Case Examples 31 4.3 Maryland DOT: Implementing UAVs and New Software The Maryland Department of Transportation reported the realization of inventory and monitoring benefits for unstable slope and embankment sites using new tools, such as UAVs, and implementation of software. The Geotechnical Division within Maryland DOT views these tools and software solutions as creating opportunities that have not previously existed before. Approximately a year and a half ago, the Geotechnical Division purchased a commercial drone (UAV) for about $1,000 and a separate software license for a proprietary program, which enables users to construct 3D terrain models from digital photographs. During the same period, a member of the department geotechnical team obtained their UAV pilots license. Since purchasing the UAV, the Geotechnical Division has performed about 70 to 80 flights for photogrammetric remote sensing of various locations, including approximately 15 flights to track change at one critical unstable slope location. The Division also now has two licensed UAV pilots. Separately, the Geotechnical Division has been using the Maryland statewide LiDAR data- base to begin inventory of embankments and slopes, including unstable slopes, within about 500 feet (150 m) of the highway centerlines. The process has been simplified with the purchase of a proprietary GIS program in the fall of 2018. The Geotechnical Division also is experimenting with an application within the GIS program which enables development of mobile application field forms that are currently used for devel- opment of an unstable rock slope inventory. The department intends to adapt these forms and continue using the application for inventory of unstable soil slopes. The Geotechnical Division indicated that peers in other technical disciplines within Maryland DOT are developing GIS content, and this is creating the opportunity to leverage data from others, such as hydraulic structures, maintenance activity, and traffic volume and incident data. Within the Geotechnical Division, the team has developed an Oracle database for storing geo referenced data related to geotechnical boring logs and other digital data. These data are then used to generate preliminary maps of soil conditions within the ROW. The Geotechnical Division also has a team member who is working with deep learning from the information in the database and developing routines for predictive models that provide preliminary geology interpretation to stakeholders. Through the combination of these data and tools, the Geotechnical Division is now able to view information about geology, rock slopes, and embankments in relation to other assets and department data. The Geotechnical Division has recently experienced a transition in staff with the retirement of several long-term staff members. Most of the current Geotechnical Division has about 1 to 2 years of experience with the Division and is not able to rely on institutional knowledge. The ability to view newly acquired georeferenced data through the processes discussed above is helping the Geotechnical Division close the gap created by departing institutional knowledge. In the future, the Geotechnical Division intends to begin transferring paper-based files and inventory into the electronic databases, which will close this gap further. These recent advancements in remote sensing, data management, and software use are occurring because of the interest and motivation of a few key team members in these topics. The implementation has occurred primarily through self-teaching and experimentation. The agency reported that the key to implementation has been the recognition by others in the department that slopes and embankments can be incorporated into asset management plans, thus enabling support and funding equipment and software to inventory and track performance of slopes and embankments.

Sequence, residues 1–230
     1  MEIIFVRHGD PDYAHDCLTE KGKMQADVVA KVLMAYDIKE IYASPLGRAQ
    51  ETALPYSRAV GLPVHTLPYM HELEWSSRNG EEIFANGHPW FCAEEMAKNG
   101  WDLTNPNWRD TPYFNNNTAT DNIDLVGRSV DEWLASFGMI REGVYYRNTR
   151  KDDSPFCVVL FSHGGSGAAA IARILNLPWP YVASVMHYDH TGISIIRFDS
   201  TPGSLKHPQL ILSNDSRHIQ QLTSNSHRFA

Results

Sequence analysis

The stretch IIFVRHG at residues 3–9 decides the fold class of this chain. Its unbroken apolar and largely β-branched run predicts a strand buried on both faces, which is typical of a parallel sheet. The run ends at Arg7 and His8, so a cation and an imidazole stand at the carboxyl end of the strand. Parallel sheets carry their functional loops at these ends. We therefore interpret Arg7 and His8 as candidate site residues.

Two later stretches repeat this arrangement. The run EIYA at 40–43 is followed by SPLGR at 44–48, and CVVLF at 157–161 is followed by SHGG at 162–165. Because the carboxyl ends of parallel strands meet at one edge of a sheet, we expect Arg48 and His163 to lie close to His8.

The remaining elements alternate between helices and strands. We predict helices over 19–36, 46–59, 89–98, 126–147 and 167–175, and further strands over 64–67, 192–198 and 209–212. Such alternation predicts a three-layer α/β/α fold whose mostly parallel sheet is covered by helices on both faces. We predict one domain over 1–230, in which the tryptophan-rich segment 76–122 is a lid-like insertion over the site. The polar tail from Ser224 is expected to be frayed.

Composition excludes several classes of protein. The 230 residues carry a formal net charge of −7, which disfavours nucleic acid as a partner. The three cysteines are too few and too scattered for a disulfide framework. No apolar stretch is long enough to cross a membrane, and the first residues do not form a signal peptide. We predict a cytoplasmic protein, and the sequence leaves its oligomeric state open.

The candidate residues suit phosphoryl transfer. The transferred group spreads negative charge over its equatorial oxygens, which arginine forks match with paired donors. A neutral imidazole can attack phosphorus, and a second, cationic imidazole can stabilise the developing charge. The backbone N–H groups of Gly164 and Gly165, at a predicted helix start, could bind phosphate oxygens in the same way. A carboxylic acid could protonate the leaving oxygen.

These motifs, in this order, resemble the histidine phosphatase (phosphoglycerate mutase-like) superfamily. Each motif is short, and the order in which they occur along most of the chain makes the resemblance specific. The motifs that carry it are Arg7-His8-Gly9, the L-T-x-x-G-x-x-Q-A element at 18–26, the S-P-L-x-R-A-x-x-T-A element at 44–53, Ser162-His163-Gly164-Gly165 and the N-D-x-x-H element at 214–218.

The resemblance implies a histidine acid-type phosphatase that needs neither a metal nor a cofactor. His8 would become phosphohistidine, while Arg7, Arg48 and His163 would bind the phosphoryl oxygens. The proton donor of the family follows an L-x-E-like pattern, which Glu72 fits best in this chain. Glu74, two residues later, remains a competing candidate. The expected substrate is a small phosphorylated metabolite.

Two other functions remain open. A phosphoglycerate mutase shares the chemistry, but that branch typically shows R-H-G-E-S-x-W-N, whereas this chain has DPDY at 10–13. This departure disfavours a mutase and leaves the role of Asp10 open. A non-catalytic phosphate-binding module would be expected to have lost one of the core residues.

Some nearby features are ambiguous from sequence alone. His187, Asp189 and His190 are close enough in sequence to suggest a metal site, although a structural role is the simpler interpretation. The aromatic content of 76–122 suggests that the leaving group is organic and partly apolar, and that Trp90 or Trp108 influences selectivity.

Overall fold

32 Advances in Unstable Slope Instrumentation and Monitoring 4.4 Oregon DOT: Evidence-Based Long-Term Planning The Oregon Department of Transportation (ODOT) is using instrumentation and monitoring advancements to increase confidence in operational decisions through new sources of data. In the short-term, ODOT has installed seven MEMS in-place inclinometers with remote communication on five large landslides in their program. The MEMS in-place inclinometers installations can provide near-real-time monitoring at intervals as short as 30 minutes. Historically, ODOT geotechnical staff would have to make periodic visits to read conventional inclinometers. Following the installation of the MEMS in-place inclinometers, the department now has the benefit of more data on the five landslides and with a lower commitment of resources. These data, while limited to only one or two locations, are providing ODOT with more confidence in operational decisions related to the instability of large landslide complexes that impact their right-of-way. A separate long-term research collaboration with Oregon State University is tasked with developing LiDAR informed algorithms to predict slope deterioration. The research study is evaluating the temporal change measured through LiDAR for two conditions: rockfall slopes and coastal bluff retreat. The study was initiated using static and mobile ground-based LiDAR and is evaluating the incorporation of aerial LiDAR. Both projects are multi-year efforts that are nearing the midpoint of study. The change condition maps obtained through LiDAR surveys are useful for determining how much rockfall or slope retreating is occurring, in addition to creating improved resolution in mapping data. The LiDAR surveys also have a benefit for worker safety because personnel are not required to traverse hazardous slopes using rope access. The information from the surveys will be used to create evidence-based models that can be used to estimate future performance based on deterioration rates. When complete, ODOT intends to implement the work at a statewide and operational scale.

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Geotechnical instrumentation and monitoring technologies have been used to inform safety, operational, and treatment decisions for unstable slopes.

The TRB National Cooperative Highway Research Program's NCHRP Synthesis 554: Advances in Unstable Slope Instrumentation and Monitoring documents and synthesizes the state of practice for implementation and use of advancements in unstable slope instrumentation and monitoring by state departments of transportation over approximately the last decade.

The types of instrumentation and monitoring technologies range from devices installed on or in slopes to remote-sensing methods from ground, aerial, or satellite-based systems.